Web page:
David Morgan: Expect Stagflation And Silver Outperformance In 2019

Mike Gleason: It is my privilege now to welcome in our good friend, David Morgan, of The Morgan Report. David, it's always a real pleasure to have you on. How are you?

David Morgan: Mike, I am well, and thank you for inviting me.

Mike Gleason: Well, David, I'm excited to do a bit of a market preview for 2019 with you today and we'll get your thoughts on a number of different markets. Now, we managed to finish 2018 relatively strong in gold and silver. Volatility in stocks and a more dovish posture from the Fed helped create a bid for metals in December. We're now two plus weeks into the New Year, stocks have rallied off the bottom put in on Christmas Eve. We know Treasury Secretary, Steven Mnuchin, had a conference call with other members of the Plunge Protection Team. He spoke personally with the CEOs at the nation's largest banks.

It looks to us like he got the response he was looking for. Somebody is buying stocks again and we aren't too sure natural forces are behind it. At least metals prices are holding up okay. What is your take? Does the rally we've seen in stocks have legs and what are you expecting for gold and silver and how they might respond here?

David Morgan: Great question. It's a very typical question and I certainly am going to answer it. I just want to preface it with this, Mike, that we all get a lot of criticism and I'm subject to it, as well. Rightfully so in a lot of cases. What most people don't understand, that aren't paid members, is that anything in life you've got to correct and continue. So, if I make a call today and it sounds great and people make a decision based on that, doesn't mean that three days from now I'm not going to correct and continue. In other words, something I say long-term may not hold but, believe me, as long as I've been in these markets, when I'm wrong I promptly admit it and make an adjustment.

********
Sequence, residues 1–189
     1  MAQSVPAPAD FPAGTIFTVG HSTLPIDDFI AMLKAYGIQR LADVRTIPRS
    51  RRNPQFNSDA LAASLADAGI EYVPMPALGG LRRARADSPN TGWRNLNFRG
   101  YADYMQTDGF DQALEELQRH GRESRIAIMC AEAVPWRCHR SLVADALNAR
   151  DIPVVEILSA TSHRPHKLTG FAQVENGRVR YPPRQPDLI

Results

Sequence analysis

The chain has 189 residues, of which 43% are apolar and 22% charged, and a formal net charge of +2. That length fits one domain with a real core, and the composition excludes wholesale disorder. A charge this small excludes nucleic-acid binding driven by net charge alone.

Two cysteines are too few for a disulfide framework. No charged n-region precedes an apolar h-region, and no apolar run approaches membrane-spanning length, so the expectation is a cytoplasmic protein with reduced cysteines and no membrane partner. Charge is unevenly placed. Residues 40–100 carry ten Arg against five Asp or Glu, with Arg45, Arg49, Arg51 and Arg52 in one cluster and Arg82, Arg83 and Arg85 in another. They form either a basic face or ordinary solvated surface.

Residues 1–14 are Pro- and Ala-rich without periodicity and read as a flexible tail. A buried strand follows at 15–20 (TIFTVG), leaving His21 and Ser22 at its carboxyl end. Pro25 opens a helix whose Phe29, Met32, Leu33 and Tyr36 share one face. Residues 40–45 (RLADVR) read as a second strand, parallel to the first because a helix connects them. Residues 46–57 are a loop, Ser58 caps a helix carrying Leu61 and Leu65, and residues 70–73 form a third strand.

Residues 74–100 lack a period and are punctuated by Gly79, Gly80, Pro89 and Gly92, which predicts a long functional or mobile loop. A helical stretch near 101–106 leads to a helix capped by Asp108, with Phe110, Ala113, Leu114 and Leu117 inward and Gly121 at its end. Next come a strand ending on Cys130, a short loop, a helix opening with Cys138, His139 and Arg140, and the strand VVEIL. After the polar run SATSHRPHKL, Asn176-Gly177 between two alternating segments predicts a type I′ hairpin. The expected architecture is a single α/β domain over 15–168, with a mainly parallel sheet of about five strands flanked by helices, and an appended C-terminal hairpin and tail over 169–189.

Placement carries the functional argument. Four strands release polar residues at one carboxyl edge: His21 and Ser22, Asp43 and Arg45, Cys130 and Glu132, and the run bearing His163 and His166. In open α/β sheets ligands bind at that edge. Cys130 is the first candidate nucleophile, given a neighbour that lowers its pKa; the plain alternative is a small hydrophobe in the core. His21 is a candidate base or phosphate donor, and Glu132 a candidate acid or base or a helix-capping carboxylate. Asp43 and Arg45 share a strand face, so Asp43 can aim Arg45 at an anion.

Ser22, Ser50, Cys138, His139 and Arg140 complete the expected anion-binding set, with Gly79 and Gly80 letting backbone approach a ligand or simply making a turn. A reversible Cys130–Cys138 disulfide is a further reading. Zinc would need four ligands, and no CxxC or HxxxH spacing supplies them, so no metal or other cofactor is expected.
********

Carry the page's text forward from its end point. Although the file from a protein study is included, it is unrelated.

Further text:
Having said that, I really don't like the trading action in the last week or so. Gold just can't seem to get through that $1,300 ceiling. Silver is trading as, for the last month, roughly outperforms gold two to one. Roughly, gold's been up about five percent in the timeframe that you mentioned at the beginning and silver was up almost 10 percent in that same time frame. At this point in time, as we're doing the interview, they're both languishing here. They don't seem to have much momentum. So, I actually expect somewhat of a pullback. I was hoping for a strong January all the way through, could be wrong. If I am, I'll adjust. I think we're going to have to see a little bit of a downside.

It did accelerate pretty strongly, as you mentioned. Maybe they got a bit ahead of themselves. Having said that, I want to be emphatic about the next statement. Longer term this year, gold and silver will do better and they're likely to outperform the stock market this year.